Every year, mental health trusts spend hundreds of thousands of pounds applying lawyers to represent them at investigations, where they could be found to be at fault. The relatives of those who have died, however, often get no legal aid and have to stand up and face those lawyers alone. Becky Montacute describes her proposal is to make sure that lessons learned from her mother’s death were learned.

I was at work when I found out that my mum was missing again.

I didn’t panic until my brother rang me and said that there were police helicopters over the reservoir.

Trying to hold it together, I started my excursion dwelling to the Chew valley, in Somerset. But in the taxi to Paddington station, I got a phone call from my stepdad to say to me that they’d find a body.

A few weeks later, I was staring at a circular about investigations. I’d picked it up in the waiting room of the mortuary, just after we’d identified my mum’s body. With a extinction like mum’s, from the moment it happens the clock is ticking on the legal process, which is your only chance to find out how and why your loved one died. That brochure – provided by a donation for bereaved lineages – was the first and last bit of assistance we received without actively trying it out. The government offered no backing at all.

My mum, Julie, been killed in the pond on 22 February last year, aged 56.

I’ve since have known that she fought with her mental health when I was a boy, but I never knew it. She was a wonderful mum, who ever put the requirements and concerns of everyone else above her own. She raised me and my brother on her own for years, and had been looking forward to retiring with my stepdad, and finally being able to relax.

It was clear that mum was severely unwell when I went home to stay just before starting my first profession, in April 2017. She told me then that she had tried to kill herself not long before. After weeks of calls to the mental health team, she was finally sliced, but she texted me the day she went into hospital to predict she “couldve been” out in time for my graduation weeks later. Even then, she was thinking about others , not herself.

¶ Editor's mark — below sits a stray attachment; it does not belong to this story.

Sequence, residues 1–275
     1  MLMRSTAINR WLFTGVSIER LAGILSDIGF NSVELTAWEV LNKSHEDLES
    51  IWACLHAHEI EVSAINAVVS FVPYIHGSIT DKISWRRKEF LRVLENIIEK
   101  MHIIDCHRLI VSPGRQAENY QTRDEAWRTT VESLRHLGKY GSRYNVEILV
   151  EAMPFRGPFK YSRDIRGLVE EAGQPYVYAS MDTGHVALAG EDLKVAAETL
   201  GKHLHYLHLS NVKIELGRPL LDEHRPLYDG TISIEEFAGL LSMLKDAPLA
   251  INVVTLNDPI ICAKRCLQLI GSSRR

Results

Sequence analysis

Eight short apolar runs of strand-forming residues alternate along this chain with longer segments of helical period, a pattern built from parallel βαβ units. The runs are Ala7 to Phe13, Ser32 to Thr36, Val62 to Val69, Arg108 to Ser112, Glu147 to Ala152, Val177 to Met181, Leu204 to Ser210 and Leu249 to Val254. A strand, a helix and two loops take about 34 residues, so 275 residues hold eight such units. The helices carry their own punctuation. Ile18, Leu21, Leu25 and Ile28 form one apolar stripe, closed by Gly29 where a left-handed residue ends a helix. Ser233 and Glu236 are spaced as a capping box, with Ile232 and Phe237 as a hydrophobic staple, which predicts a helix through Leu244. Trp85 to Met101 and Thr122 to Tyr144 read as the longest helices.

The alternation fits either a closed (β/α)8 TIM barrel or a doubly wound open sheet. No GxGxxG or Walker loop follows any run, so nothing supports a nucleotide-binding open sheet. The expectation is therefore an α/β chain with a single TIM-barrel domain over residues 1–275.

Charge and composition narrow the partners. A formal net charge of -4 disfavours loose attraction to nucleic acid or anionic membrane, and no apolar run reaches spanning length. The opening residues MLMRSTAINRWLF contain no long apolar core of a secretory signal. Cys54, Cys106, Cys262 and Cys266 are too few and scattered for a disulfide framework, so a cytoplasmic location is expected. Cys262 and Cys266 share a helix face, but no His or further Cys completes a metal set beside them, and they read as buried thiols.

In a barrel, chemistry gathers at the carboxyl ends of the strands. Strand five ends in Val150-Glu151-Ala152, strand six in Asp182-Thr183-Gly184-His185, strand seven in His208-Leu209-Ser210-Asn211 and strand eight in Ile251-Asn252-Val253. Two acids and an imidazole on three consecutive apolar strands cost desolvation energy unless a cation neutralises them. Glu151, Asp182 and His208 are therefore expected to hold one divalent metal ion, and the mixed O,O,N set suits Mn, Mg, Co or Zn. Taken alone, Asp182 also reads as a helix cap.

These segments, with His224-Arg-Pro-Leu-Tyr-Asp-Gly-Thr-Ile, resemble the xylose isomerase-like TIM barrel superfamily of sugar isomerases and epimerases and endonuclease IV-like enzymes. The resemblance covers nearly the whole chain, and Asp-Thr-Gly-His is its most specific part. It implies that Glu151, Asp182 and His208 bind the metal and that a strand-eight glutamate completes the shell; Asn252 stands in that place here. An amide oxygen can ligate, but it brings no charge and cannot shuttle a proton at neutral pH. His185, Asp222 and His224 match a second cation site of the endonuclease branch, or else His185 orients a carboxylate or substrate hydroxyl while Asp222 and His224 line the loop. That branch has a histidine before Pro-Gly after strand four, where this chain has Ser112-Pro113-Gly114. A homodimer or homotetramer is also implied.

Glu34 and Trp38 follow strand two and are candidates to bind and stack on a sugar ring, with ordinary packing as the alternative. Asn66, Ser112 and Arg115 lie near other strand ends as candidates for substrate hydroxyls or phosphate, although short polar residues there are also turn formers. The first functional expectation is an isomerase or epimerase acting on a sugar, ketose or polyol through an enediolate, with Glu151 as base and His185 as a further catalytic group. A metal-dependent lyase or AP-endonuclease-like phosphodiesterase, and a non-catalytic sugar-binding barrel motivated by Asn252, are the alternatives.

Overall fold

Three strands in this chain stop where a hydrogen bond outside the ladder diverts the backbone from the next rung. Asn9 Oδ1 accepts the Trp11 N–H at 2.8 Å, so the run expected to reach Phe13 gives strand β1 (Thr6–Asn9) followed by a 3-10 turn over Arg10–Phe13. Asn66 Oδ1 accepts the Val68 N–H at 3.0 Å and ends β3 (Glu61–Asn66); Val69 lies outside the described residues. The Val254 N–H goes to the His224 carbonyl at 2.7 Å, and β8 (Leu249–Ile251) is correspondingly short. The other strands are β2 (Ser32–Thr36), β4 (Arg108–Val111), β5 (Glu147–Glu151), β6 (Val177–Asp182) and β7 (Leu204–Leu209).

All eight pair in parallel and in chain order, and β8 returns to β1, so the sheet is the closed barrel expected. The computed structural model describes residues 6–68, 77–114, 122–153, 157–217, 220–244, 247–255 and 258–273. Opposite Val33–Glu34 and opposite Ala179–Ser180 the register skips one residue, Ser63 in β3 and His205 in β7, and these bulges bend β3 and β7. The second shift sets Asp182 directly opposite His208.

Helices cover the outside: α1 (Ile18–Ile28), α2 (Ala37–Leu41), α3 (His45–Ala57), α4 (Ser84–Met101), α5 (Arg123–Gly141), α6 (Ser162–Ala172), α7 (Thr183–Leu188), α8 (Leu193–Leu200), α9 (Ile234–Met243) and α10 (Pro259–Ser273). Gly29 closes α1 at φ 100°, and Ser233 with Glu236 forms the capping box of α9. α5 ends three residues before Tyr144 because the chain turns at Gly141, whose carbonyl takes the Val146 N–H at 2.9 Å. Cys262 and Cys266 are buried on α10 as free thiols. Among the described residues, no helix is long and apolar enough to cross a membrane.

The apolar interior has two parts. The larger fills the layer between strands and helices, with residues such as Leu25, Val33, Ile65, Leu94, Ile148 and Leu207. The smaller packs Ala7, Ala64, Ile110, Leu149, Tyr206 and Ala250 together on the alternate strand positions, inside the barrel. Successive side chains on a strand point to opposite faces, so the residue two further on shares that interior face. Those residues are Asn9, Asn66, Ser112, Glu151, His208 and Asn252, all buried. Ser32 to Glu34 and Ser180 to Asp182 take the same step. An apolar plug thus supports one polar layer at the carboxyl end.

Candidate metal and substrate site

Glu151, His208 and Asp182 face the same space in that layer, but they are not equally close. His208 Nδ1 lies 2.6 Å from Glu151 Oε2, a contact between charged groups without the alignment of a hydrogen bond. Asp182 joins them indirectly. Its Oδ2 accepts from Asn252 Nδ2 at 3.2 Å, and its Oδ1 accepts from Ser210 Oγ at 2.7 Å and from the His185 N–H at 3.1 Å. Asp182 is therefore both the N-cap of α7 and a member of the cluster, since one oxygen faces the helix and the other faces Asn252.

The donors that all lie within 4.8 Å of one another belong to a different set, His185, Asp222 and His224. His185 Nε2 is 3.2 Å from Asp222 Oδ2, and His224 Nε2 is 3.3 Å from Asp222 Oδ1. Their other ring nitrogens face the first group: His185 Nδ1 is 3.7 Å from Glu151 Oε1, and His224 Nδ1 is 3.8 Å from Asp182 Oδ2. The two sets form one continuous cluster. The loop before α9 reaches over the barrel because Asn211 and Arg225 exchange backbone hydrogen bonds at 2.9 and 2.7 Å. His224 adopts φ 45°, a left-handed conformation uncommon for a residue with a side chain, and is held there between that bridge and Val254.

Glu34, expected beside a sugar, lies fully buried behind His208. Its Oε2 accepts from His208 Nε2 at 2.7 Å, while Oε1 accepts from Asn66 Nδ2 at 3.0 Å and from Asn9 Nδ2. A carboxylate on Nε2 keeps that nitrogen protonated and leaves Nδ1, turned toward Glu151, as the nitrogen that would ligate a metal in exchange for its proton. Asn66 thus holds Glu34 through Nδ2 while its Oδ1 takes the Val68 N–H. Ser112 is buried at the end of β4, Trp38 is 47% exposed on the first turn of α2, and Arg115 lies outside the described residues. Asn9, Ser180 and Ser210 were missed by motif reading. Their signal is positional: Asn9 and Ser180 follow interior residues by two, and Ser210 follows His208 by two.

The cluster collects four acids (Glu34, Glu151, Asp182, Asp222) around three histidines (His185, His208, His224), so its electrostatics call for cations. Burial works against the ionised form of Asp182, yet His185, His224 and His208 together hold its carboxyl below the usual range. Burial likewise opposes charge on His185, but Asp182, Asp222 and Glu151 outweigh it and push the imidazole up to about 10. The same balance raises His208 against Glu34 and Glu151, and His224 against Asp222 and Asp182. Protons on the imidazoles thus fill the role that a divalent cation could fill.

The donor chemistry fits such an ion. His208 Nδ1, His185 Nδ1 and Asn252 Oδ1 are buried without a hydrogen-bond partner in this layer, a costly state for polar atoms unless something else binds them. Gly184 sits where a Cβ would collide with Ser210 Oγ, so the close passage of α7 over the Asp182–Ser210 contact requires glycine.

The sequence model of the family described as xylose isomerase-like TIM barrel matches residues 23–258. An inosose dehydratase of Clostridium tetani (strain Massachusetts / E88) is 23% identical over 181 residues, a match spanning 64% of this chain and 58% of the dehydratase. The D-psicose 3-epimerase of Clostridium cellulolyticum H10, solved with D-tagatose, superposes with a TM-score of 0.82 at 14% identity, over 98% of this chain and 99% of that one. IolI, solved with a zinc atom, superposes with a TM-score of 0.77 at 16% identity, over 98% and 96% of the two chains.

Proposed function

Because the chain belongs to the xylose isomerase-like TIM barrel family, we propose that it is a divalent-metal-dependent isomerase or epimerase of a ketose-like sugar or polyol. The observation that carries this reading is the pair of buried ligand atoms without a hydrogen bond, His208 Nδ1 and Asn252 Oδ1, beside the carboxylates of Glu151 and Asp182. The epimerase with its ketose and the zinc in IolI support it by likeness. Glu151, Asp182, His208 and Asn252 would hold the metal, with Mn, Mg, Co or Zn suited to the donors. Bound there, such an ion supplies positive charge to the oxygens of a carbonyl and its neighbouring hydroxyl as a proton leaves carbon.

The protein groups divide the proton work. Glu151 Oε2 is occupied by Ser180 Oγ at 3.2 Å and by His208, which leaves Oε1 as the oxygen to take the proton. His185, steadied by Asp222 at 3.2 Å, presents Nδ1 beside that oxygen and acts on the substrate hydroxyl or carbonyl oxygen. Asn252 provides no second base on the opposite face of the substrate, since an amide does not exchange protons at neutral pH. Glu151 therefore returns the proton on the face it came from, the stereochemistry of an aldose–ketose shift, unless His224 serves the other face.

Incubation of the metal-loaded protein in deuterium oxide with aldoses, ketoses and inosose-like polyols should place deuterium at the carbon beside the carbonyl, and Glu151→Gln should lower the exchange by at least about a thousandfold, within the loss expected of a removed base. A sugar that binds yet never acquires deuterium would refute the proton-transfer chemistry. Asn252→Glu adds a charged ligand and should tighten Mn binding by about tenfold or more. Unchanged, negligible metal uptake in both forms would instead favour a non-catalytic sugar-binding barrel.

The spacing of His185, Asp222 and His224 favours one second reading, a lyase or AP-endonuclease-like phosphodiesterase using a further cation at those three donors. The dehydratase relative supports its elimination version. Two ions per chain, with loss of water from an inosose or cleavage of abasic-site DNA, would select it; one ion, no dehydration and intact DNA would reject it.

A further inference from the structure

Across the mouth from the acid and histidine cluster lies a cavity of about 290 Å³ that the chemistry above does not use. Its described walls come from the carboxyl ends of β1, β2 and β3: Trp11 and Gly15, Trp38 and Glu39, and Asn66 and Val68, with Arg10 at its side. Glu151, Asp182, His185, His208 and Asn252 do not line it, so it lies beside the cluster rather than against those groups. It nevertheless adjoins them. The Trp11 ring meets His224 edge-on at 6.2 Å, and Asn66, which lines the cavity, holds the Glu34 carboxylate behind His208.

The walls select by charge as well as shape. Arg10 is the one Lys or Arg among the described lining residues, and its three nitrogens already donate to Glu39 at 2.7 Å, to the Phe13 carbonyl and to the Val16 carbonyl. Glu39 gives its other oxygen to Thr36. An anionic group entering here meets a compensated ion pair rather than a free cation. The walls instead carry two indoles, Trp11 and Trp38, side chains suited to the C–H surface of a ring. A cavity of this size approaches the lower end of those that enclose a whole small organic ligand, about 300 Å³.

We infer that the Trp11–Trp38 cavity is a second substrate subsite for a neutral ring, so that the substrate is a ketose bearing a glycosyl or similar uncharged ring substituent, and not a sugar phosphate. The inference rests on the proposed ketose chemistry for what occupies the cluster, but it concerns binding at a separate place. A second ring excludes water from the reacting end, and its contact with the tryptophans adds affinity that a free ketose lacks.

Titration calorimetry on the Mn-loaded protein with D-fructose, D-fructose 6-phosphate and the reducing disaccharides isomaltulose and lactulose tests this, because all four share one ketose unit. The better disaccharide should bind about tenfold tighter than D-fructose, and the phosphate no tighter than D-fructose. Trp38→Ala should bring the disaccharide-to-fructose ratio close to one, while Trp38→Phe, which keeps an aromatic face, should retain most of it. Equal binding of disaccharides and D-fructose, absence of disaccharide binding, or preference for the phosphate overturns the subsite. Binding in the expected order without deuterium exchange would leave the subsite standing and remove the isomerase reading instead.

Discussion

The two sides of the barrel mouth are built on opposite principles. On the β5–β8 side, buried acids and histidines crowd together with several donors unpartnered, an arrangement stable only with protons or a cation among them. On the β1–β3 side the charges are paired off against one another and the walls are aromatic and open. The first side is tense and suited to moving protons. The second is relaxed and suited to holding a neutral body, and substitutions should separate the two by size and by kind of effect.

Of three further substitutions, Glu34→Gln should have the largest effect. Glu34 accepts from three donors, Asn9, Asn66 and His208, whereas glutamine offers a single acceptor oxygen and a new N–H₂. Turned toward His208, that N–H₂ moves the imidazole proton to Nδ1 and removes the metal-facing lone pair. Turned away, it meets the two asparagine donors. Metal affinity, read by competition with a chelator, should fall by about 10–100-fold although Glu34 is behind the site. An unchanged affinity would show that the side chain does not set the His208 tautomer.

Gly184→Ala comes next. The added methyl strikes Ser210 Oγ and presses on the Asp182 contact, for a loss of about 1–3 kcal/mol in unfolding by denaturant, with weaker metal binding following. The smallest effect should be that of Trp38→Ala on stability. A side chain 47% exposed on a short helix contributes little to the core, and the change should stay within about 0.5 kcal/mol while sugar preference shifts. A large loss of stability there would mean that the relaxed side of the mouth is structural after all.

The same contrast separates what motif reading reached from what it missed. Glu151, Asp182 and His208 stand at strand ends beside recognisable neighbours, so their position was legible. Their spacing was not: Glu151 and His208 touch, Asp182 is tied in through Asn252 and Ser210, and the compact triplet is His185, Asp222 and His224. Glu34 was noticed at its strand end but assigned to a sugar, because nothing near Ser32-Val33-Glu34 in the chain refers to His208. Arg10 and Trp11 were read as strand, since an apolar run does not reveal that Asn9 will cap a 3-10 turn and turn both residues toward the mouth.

Image caption Becky graduating with a PhD from Manchester University, with Julie

She was sliced for about six weeks. When she was on the right medication, with someone checking that she actually took it, it was like a switching was turn around on.

But a few months later, at the beginnings of 2018, she started asking mental health services for help again. She was worried her medication had stopped working. She never required my brother and me to know how ill she was, and she obscured it from us well, but I now know that she was frequently announcing mental health services. My mum was the perfect patient, actively seeking management, but she was not given the care she desperately needed.


Find out more

Listen to Becky’s story on Household v the country: An unfair battle? on File on 4, on BBC Radio 4, at 20:00 on 1 October 2019 on File on 4, on BBC Radio 4, at 20:00 on 1 October 2019 You can catch up later on BBC Sounds Image caption Julie as a girl Image caption Julie and Becky as a child On behalf of the foundation set up in her mum’s memory, Becky Montacute submitted Freedom of Information requests to the 53 mental health issues relies in England, asks how much they’d spent on lawyers at investigations in the financial year 2017 -2 018. About half of them answered – revealing they’d spent more than PS4m. That to report to simply under PS118, 000( PS117, 968) made available to lineages as legal aid for investigations involving mental health relies. BBC Radio 4’s File on 4 has been told by the Legal Aid Agency that out of more than 600 requests for legal aid for inquests last year, nearly half were refused. Image caption Julie and Becky in the garden-variety

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